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This crude approximation in civil engineering applications is very often encouraged by manufacturers of the viscoelastic devices themselves, whose interest is to simplify as much as possible the design procedures for structures embedding their products. As an example, elastomeric seismic isolators are generally advertised and sold with a table listing the equivalent values of elastic stiffness and viscous damping ratio for different amplitudes of vibration. Unfortunately, many experimental and analytical studies confirm that the real dynamic behaviour of such devices is much more complicated, and cannot be bend to the interests of manufacturers and designers.

Despite the advances in the field made in the last two decades, two well-established beliefs continue to underpin use and abuse of the concepts of effective stiffness and damping for viscoelastically damped structures: first, MSE method and similar procedures are unconditionally assumed to provide good approximations, which are acceptable for design purposes; second, the implementation of more refined approaches is thought to be computationally too expensive, and hence suitable just for a few very important constructions.

In this presentation, as a further contribution to overcome these popular beliefs, a novel time-domain numerical scheme of dynamic analysis is proposed and numerically validated. After a brief review of the LPA (Laguerre’s Polynomial Approximation) technique for one-dimensional viscoelastic members of known relaxation function, the state-space equations of motion for linear structures with viscoelastic components are derived in the modal space. Aimed at making the proposed approach more general, the distribution of the viscoelastic components is allowed to be non-proportional to mass and elastic stiffness, in so removing the most severe limitation of previous formulations. Then, a cascade scheme is derived by decoupling in each time step traditional state variables (i.e. modal displacements and velocities) and additional internal variables. The joint use of modal analysis and improved cascade scheme permits to reduce the size of the problem and to keep low the computational burden. The illustrative application to the small-amplitude vibration of a cable beam made of different viscoelastic materials demonstrates the versatility of the proposed approach. The numerical results confirm a superior accuracy with respect to the classical MSE method, whose underestimate in the low-frequency range can be as large as 75%.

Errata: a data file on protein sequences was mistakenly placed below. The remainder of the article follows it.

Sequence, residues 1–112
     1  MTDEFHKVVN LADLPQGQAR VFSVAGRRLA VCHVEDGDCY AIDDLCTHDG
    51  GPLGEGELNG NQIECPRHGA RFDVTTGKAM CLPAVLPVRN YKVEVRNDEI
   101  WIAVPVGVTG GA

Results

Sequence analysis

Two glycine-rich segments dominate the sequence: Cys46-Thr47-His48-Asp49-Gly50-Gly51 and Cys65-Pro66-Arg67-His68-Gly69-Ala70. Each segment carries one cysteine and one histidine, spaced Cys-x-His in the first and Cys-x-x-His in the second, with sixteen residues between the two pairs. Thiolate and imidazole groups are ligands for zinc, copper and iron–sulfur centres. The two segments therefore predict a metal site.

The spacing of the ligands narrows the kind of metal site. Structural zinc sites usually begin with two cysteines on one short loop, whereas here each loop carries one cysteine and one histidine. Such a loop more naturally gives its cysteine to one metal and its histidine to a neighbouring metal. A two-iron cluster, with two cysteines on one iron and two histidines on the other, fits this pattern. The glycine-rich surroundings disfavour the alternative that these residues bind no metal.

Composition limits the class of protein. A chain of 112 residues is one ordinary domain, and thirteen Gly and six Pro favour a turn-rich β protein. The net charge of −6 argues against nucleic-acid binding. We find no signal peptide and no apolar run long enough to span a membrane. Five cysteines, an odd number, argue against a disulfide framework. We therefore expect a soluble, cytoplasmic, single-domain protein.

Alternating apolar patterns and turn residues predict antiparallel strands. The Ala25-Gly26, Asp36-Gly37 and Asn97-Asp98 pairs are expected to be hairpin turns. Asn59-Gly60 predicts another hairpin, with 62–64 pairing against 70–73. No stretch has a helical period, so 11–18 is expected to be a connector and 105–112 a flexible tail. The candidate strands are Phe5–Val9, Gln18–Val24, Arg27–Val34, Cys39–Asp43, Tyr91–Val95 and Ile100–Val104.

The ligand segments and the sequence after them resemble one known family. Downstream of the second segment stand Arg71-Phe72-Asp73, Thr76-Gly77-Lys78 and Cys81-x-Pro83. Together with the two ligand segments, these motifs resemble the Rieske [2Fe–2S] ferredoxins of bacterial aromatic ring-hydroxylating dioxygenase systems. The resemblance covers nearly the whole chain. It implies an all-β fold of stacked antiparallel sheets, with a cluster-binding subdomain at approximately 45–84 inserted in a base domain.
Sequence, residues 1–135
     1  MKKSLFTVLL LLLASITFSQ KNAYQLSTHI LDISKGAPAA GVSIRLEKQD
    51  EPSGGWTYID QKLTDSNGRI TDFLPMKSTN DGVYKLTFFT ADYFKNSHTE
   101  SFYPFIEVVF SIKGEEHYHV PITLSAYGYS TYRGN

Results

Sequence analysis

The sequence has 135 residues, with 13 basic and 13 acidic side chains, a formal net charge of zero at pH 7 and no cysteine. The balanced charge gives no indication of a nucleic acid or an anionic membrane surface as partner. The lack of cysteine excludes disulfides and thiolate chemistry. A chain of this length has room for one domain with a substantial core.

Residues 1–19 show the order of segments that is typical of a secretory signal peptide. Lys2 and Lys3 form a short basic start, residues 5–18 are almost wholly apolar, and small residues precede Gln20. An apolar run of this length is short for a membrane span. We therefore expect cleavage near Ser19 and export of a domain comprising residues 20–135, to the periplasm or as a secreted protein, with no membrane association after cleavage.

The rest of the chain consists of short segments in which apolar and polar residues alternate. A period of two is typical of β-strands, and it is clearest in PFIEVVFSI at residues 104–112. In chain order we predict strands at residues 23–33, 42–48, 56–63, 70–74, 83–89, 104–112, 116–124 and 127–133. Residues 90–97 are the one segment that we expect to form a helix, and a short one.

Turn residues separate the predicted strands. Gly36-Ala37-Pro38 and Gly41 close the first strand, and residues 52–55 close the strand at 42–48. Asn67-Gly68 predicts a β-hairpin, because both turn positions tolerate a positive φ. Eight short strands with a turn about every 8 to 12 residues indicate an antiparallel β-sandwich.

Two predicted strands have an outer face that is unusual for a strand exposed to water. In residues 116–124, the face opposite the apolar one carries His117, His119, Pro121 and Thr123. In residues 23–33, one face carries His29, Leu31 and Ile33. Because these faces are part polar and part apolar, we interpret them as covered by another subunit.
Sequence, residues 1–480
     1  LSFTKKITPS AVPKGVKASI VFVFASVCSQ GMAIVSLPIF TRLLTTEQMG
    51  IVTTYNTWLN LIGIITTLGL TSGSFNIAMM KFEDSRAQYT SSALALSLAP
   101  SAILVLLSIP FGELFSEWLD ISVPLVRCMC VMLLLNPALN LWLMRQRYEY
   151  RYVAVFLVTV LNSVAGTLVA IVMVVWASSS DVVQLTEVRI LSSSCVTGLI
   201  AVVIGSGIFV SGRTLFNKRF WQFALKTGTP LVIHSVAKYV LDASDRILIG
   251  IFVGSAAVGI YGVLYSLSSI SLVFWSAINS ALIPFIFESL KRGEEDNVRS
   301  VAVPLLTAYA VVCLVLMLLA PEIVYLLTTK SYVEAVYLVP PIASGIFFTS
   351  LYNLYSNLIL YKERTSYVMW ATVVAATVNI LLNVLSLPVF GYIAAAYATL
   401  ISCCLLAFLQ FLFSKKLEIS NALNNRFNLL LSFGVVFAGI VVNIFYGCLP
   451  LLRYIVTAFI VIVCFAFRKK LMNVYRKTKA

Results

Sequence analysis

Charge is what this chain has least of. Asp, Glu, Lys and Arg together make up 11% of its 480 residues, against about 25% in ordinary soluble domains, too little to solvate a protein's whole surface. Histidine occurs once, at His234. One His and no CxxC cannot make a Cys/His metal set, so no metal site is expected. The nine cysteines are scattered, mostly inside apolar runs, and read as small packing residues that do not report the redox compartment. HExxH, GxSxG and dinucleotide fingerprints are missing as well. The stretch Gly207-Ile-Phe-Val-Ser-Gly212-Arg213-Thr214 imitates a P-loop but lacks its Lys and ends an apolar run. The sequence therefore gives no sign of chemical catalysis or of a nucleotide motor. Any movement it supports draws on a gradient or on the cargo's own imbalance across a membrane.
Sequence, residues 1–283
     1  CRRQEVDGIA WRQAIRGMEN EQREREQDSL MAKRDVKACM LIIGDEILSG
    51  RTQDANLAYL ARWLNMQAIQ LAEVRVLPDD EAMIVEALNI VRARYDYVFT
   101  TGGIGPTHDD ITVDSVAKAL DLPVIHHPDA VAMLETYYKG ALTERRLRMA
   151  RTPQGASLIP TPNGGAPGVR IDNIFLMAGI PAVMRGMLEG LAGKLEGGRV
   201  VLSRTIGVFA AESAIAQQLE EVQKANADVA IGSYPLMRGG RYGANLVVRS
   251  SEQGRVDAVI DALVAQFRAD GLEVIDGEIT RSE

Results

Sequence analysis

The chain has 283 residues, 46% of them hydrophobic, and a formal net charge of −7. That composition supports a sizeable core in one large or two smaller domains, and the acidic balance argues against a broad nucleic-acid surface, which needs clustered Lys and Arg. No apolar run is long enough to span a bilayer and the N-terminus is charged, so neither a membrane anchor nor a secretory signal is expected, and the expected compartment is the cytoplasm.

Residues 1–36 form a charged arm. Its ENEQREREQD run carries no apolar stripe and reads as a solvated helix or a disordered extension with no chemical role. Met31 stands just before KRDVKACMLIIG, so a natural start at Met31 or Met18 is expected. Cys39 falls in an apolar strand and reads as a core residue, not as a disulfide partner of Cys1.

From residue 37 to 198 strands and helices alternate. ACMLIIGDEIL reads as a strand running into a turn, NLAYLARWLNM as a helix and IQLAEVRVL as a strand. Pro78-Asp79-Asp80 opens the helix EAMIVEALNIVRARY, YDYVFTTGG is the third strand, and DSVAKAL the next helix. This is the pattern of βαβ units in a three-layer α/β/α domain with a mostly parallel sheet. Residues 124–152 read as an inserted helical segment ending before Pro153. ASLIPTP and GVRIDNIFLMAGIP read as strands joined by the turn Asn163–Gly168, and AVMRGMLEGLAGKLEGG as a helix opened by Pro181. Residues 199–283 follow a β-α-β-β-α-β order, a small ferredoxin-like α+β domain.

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- 1. Toward overcoming the concept of effective stiffness and damping in the dynamic analysis of structures with viscoelastic components<br />Alessandro Palmeri<br />School of Engineering, Design and Technology<br />University of Bradford, West Yorkshire, UK<br />CC2009, Funchal, 3rd September 2009<br />
- 2. a.palmeri@lboro.ac.uk<br />
- 3. Outline<br />Motivation of this study<br />Viscoelastic ≠ Elastic + Viscous<br />Linear viscoelastic solids<br />Generalized Maxwell’s model<br />Laguerre Polynomial Approximation<br />State-space equations of motion<br />Numerical scheme of solution<br />Validation<br />Elastic beam with VE strips (efficiency)<br />Cable beam made of VE material (versatility)<br />Concluding remarks<br />
- 4. Motivation of this study<br />1.<br />
- 5. Viscoelastic damping in... Wind Engineering<br />The first application of viscoelastic materials in Civil Engineering was aimed at mitigating the wind-induced vibration of the “Twin Towers” in the World Trade Center<br />
- 6. Earthquake Engineering<br />Seismic applications of viscoelastic dampers are more recent, e.g. through the use of elastomeric materials placed in the beam-to-column joints of semi-rigid steel frames<br />
- 7. Railway Engineering<br />In the innovative track of the Milan subway, a single elastomeric pad is placed under the base-plate, aimed at improving passengers’ comfort and extending components’ fatigue life<br />
- 8. Motivation of this study<br />Current state-of-practice, for the time-domain dynamic analysis of structures incorporating viscoelastic members: <br />Substituting the actual viscoelastically damped structure with an equivalent system featuring a pure viscous damping<br />≠<br />
- 9. Motivation of this study<br />Manufacturers of viscoelastic devices encourage the use this crude approximation in civil engineering applications:<br />They are interested in simplifying as much as possible the design procedures for structures embedding their products<br />